The Other Woman

I want to tell you about the third time I fell in love. It was on Feb. 26, 1982. Her name was Melissa.

I wasn’t a stranger to the operating room. I worked at Hinsdale Hospital in Illinois and often took photos there. But today was special. When Melissa came into the room, it was in the hands of a physician who grasped her carefully, the umbilical cord wrapped around her neck until he slipped it over her head. She cried without prompting, and I was able to watch her above the curtain they put up between where I sat next to my wife’s head and where the cesarean section was going on.

The nurse took her away for a few minutes, cleaned her up, took an imprint of her foot and then brought her back.

“Would you like to give Melissa her first bath?” she asked me. My eyes grew big and I nodded, surprised. A minute later, I was in the next room with my infant daughter, bathing her for the first time. Father and daughter.

I would like to say our relationship was always smooth after that. It wasn’t. I made mistakes, as fathers are prone to do. And she made mistakes, for that’s how one learns and grows.

There was the time I was swinging her as a one year old between my legs by her hands and her elbow came out of the socket. We rushed her to the emergency room and ended up spending a whole day there. The doctors tried everything to get her to reach with that arm so she would put it back in, including offering her ice cream. But by that evening, it was still out of place. We ended up going home with her arm in a sling. That night, we woke up with her standing at the edge of her crib, the sling off her arm, and her elbow mysteriously back in place.

She grew up idolizing her brother, until she didn’t. Matthew is 2 ½ years older than her, and it was natural that she would follow him around. But at some point, she realized that he wasn’t always a well-meaning brother. That’s when they began to fight like cats and dogs, or more accurately, like a brother and sister.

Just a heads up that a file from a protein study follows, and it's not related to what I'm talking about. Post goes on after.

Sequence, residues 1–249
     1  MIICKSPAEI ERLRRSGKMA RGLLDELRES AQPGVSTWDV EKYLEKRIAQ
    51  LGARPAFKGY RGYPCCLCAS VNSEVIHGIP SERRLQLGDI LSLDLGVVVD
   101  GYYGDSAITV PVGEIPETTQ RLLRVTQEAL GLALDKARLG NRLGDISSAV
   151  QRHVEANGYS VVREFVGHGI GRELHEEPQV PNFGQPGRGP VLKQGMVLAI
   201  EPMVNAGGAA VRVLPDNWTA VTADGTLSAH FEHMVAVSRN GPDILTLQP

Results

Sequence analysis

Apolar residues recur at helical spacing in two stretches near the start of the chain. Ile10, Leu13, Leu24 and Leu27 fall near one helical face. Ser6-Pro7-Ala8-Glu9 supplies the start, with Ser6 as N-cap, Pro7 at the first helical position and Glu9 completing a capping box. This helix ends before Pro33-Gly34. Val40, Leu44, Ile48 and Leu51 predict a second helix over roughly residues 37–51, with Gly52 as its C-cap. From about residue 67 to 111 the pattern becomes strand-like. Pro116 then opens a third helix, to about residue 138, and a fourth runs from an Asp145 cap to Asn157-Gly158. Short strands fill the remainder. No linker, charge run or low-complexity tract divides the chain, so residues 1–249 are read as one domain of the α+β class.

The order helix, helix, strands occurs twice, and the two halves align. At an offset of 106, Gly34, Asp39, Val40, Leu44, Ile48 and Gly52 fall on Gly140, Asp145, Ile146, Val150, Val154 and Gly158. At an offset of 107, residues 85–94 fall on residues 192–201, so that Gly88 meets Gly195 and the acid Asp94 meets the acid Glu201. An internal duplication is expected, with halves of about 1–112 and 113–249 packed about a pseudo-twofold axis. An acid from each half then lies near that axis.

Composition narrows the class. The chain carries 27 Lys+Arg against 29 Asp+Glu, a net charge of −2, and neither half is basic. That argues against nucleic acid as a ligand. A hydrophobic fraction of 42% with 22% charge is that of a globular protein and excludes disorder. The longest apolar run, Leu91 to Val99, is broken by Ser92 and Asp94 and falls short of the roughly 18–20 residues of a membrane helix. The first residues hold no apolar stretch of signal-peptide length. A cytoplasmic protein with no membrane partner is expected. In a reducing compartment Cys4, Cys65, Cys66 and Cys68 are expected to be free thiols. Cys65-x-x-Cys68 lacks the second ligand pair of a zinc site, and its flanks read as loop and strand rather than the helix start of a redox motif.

As a teenager, she measured everything she did by as a comparison with her brother. When she was sixteen, she asked to go camping alone with three girlfriends. I told her no. She was upset, complaining that I would let Matt go if he asked to. She never quite understood that the rules for an eighteen-year-old boy weren’t quite the same as those for a sixteen-year-old girl, regardless of how fair you want the world to be.

She has the tallness that comes with my side of the family. She has the compassion, quiet demeanor, and need for privacy of her mother. She has my intelligence, and fortunately, more humility than I have. She also has a determination and a courage that comes from somewhere I don’t know.

When her brother Matthew was involved in an auto accident at age 22, we almost lost him. He spent 17 days in intensive care and two months in the hospital. He came home, unable to walk, talk and barely able to eat. He suffered from a traumatic brain injury that he struggles with even today.

But what they don’t tell you is that TBI affects not only the person in the accident, but everyone else in the family. Melissa suffered tremendously. Matthew’s personality changed, and Melissa felt like she had lost her brother. When he came home, we struggled to figure out how to take care of him. Melissa surrendered a semester of college to stay home with him as he recovered. It was hard to take care of your older brother. It was harder still to realize that suddenly you were, in essence, the older sibling.

Melissa has her own life now, as we want her to have. She has struggled at times, as we all do. She’s been lonely, and she’s made new friends. She’s accomplished great things and suffered through great failures. But she is discovering who she is, and we are proud of her. I am proud of her.

When you become a father, the act of procreation is simple enough. What comes after is not. Being a father changes your life. It makes you more than you could ever imagine because you no longer think only for yourself.

I wish Melissa the best of lives—long, fulfilling days, and warm, satisfying nights—and am grateful that God allowed her to share her life with me.

One thought on “The Other Woman

  1. As the father of two adult daughters I have no idea how they survived my mistakes. By some majorly miraculous intervention they still speak to me. Thanks for writing about some of those feelings in a more coherent fashion than I can articulate.

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